Two of Africa’s biggest soccer powers are facing bans on international competition

Own goals.
Own goals.
Image: Reuters/Toru Hanai
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Soccer and politics shouldn’t mix. At least, that’s according to the laws of FIFA, the sport’s global governing body. Ghana and Nigeria could learn the hard way what happens when those rules are broken.

Both African soccer powers face bans from international competitions by FIFA following recent incidents of government interference in soccer affairs. The Ghanaian government recently disbanded the GFA, its national soccer governing body, following a damning investigation which revealed a web of corruption. Despite the investigation’s grim findings, FIFA insists that disbanding the GFA amounts to outside interference in the sport. To avoid a ban, the Ghanaian government has pledged to stop the dissolution of the GFA.

In Nigeria, the situation is more grave. The controversy stems from a protracted leadership tussle following presidential elections for the Nigerian Football Federation (NFF) back in 2014. Local courts ruled against current president Amaju Pinnick and in favor of his challenger, Chris Giwa, who is ostensibly backed by the national minister of sports. On that basis, Giwa has taken over the NFF. But FIFA insists Pinnick is the duly elected president, and will not recognize Giwa.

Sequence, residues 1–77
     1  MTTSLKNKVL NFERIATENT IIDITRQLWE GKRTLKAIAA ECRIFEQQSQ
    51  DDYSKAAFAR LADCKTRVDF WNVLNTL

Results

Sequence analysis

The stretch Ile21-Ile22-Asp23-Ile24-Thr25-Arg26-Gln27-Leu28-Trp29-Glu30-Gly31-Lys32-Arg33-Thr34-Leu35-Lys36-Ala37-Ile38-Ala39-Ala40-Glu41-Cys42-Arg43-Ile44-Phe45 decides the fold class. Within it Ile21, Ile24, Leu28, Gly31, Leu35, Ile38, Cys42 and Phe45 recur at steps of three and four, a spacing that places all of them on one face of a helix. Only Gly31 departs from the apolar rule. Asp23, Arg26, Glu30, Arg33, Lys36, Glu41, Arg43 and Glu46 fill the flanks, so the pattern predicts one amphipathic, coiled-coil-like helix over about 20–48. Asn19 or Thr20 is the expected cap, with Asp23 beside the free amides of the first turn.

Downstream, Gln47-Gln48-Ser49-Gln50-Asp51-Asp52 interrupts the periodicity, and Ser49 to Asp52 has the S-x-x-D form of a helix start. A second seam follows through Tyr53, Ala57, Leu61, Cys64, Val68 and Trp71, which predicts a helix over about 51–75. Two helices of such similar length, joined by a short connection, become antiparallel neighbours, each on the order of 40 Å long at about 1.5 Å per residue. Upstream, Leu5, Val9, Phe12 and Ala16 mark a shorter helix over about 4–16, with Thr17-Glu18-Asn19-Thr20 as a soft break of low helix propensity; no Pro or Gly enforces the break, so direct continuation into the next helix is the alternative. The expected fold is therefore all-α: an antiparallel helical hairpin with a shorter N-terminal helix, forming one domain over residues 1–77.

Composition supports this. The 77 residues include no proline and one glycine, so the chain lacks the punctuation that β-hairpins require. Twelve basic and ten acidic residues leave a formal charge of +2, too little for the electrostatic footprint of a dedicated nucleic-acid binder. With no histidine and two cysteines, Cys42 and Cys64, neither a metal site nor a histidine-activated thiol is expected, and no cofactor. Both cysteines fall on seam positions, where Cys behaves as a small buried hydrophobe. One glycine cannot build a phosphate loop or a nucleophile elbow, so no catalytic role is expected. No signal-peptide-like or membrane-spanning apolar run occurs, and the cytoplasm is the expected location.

The impasse has already proven costly. Nigeria’s struggling local league has been suspended for nearly a month. Until a permanent resolution is agreed, Nigeria’s national soccer teams also risk missing out on international tournaments, most notably next year’s African Cup of Nationsthe continent’s flagship soccer tournament. Today, Nigeria’s presidency claimed it will recognize Pinnick and abide by the NFF’s treaty obligations to FIFA. The global soccer body is yet to respond.

After making the headlines for all the right reasons at the most recent World Cup, a farcical battle over the leadership of soccer in Nigeria could undo the progress made at the tournament in Russia. While Nigeria might yet avoid a ban, there’s a worrying historical precedent. Nigeria was banned only days after the 2014 World Cup ended for sacking its top soccer officials and arresting the governing committee’s president. The ban was lifted after the committee was restored.